On The ROC And Le P'tit Québec
The dangers of villagery
By Gaëtan L. Charlebois
A Facebook friend of mine made a surprising statement this week. "What happens in the ROC doesn't interest me."
ROC, for those of you who are from the ROC, is what people in Quebec call, mostly pejoritively, the Rest Of Canada. (In French they don't even need the "Rest of" - we're Quebec, you're Canada.) The use of the term signifies two beliefs: that Quebec doesn't care about Canada and that Canada doesn't care about Quebec. There may be a grain of truth in this and that depresses the hell out of me.
The ongoing battle is what makes Britain as a country great and also, let's say it, a little rural.
It reminds me of The Little Britain syndrome - the hard-headed British belief that they don't need anyone else (specifically Europe and its new-fangled Union). The British who consider themselves Europeans are frowned upon by LBers, and vice versa. The ongoing battle is what makes Britain as a country great and also, let's say it, a little rural. They do, of course, have a culture they can be very proud of - especially a magnificent theatre tradition - but in a world of Facebook, Twitter, YouTube, iTunes, many are starting to realize it is a culture that can also be insular and even, sometimes, airless.
Culture does not grow without air and the air of culture is influences, exchange and curiosity.
I am in the minority when I suggest Cirque du Soleil has become bloated and tedious
In Quebec we argue that Canadian culture is too American. I would argue - and have argued - that Quebec culture is too Quebec. I have been raked over the coals for saying that our theatre has a certain aesthetic sameness, I am in the minority when I suggest Cirque du Soleil has become bloated and tedious, and I may be the only critic who doesn't feel the need to rush to see the latest gizmo-heavy Robert Lepage show. I answered my friend - and his ROC comment - by saying I would trade L'Opéra de Montréal for the COC in a heartbeat if only so I could see something new from time to time instead of the steady Verdi/Puccini diet we get here.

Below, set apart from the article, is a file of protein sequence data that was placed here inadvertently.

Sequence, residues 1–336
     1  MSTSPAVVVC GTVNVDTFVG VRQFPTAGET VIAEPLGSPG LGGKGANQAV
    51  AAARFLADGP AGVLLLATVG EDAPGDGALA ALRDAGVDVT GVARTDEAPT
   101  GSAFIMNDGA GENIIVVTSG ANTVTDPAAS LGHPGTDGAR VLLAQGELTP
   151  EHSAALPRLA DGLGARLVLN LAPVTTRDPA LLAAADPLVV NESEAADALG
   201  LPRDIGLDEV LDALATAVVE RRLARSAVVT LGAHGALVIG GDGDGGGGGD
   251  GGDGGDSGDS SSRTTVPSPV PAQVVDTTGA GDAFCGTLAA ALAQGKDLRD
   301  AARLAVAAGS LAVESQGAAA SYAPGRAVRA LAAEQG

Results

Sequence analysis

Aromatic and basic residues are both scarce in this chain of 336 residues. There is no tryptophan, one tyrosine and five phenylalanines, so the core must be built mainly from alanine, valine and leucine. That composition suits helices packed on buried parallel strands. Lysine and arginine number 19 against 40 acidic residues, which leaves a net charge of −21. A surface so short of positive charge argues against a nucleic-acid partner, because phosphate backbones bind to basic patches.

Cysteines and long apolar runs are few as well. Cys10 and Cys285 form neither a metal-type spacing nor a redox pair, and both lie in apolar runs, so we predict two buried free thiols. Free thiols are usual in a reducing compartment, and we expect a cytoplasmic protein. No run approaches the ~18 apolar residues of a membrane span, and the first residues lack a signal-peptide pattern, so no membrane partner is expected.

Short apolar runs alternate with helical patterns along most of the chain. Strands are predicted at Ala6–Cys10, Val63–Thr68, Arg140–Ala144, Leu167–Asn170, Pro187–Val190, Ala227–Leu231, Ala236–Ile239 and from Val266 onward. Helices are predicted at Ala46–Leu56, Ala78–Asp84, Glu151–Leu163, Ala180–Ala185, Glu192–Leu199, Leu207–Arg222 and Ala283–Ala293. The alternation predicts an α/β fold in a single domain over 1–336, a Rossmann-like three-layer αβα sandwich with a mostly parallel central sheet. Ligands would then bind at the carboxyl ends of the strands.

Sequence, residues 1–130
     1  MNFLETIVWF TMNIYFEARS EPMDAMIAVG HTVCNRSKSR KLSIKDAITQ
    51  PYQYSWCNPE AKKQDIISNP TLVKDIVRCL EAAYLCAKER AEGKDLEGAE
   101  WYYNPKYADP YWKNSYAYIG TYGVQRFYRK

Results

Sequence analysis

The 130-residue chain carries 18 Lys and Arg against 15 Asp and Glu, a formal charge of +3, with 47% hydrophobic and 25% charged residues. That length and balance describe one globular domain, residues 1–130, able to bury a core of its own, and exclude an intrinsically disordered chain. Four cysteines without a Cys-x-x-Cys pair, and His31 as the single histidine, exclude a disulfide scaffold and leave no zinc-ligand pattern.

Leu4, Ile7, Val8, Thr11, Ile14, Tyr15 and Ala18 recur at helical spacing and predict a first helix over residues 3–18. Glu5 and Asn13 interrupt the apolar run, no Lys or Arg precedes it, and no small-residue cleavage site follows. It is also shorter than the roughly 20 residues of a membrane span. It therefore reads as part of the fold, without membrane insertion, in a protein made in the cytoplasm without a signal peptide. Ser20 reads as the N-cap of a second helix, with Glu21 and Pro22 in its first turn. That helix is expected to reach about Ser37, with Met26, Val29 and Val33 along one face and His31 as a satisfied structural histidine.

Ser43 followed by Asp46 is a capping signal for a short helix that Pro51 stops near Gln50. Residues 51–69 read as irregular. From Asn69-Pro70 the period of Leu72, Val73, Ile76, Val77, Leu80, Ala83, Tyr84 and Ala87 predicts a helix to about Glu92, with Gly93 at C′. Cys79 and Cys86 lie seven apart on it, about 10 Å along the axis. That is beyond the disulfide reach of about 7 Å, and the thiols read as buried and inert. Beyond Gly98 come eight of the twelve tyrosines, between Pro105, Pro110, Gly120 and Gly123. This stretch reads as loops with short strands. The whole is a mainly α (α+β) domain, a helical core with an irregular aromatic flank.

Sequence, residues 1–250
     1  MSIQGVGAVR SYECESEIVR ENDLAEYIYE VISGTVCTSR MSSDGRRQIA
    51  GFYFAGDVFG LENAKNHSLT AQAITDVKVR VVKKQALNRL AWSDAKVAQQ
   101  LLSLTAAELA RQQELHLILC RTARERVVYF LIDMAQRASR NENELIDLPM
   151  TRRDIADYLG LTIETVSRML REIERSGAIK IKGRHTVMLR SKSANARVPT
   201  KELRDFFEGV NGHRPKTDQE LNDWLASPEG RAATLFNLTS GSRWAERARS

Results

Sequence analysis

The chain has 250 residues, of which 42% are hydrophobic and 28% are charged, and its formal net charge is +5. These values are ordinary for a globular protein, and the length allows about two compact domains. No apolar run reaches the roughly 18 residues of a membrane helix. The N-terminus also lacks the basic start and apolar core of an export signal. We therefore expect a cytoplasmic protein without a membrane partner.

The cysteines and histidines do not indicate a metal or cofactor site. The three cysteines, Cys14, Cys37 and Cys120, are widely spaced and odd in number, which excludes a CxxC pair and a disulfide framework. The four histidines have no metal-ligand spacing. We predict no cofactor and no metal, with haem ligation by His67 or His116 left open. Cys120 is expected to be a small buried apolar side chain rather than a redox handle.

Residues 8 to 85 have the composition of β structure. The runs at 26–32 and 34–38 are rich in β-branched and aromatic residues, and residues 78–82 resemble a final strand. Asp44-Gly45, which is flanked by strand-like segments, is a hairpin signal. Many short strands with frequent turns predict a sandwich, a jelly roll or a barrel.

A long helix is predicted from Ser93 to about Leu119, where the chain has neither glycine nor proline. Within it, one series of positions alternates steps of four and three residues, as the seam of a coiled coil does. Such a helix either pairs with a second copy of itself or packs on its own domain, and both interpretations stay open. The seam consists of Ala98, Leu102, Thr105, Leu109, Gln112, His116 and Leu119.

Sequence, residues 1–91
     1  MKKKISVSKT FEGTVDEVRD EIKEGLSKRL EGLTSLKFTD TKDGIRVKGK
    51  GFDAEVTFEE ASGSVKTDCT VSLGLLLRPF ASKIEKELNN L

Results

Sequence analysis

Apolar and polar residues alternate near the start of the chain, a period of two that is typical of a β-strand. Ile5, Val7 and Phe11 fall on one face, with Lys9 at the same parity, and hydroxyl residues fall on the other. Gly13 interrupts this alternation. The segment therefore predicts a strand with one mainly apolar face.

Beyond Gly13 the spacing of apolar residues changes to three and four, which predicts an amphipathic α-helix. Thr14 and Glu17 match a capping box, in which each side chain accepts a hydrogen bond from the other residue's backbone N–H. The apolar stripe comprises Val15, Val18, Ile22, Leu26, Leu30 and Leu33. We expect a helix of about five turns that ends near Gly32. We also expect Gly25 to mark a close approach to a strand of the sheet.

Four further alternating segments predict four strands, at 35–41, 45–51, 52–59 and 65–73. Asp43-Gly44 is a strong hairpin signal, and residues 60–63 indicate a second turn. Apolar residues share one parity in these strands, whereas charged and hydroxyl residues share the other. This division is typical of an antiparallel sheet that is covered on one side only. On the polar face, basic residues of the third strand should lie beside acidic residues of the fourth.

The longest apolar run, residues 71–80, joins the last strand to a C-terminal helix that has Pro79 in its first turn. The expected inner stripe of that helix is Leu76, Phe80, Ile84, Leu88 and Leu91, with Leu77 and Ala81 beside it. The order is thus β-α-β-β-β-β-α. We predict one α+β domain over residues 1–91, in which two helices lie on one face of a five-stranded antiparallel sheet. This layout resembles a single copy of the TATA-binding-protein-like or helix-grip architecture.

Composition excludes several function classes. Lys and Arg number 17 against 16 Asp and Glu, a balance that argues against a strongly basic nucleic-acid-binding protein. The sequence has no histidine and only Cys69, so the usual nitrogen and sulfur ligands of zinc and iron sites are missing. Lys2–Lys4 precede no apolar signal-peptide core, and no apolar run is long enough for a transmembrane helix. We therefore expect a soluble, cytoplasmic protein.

But I have travelled this country as well - if not from sea to shining see then from the Gulf to the Rockies - and I have seen Quebec-style insularity expressed elsewhere. In Edmonton there was a great resistance to anything from The East (as if we were sending unwelcome Magi to kidnap their Baby Jesus). In Toronto it is hard to find French spoken, even by government agencies, and I have followed seasons of plays where magnificent works from this side of the world were only seen in glimpses.
For every list of wondrous things I could name in each province, there is a list of examples which seem small-town to me.
What I am trying to say, before everyone in the nation gets on its high-horse, is that we need to stop being Little Canada and Little Quebec. It is - in a word which I so love - provincial. For every list of wondrous things I could name in each province, there is a list of examples which seem small-town to me. I will never understand the popularity of lotto shows in Quebec, nor of Little Mosque on the Prairie in the ROC. But I don't understand, either, why ROC doesn't seem as delighted by a series like Minuit, le soir nor why Quebec can't get beyond the standard-issue Italian/French repertoire in opera.
You know what works? Everywhere? The Fringe. You go to the Fringe with your eyes and heart open and will take whatever from wherever. I see that same spirit of openness in the small companies around the country: Tableau d'Hote and Quat'Sous here, OYR and Praxis in the ROC (to name four of hundreds).
Let's not be Little Canada or P'tit Québec. Let's talk.
(NOTE: I am refraining, this week, from commenting on the PR fiasco that is Richard Rose v. Michael Healey at Tarragon Theatre because the story is developing. Stay tuned.)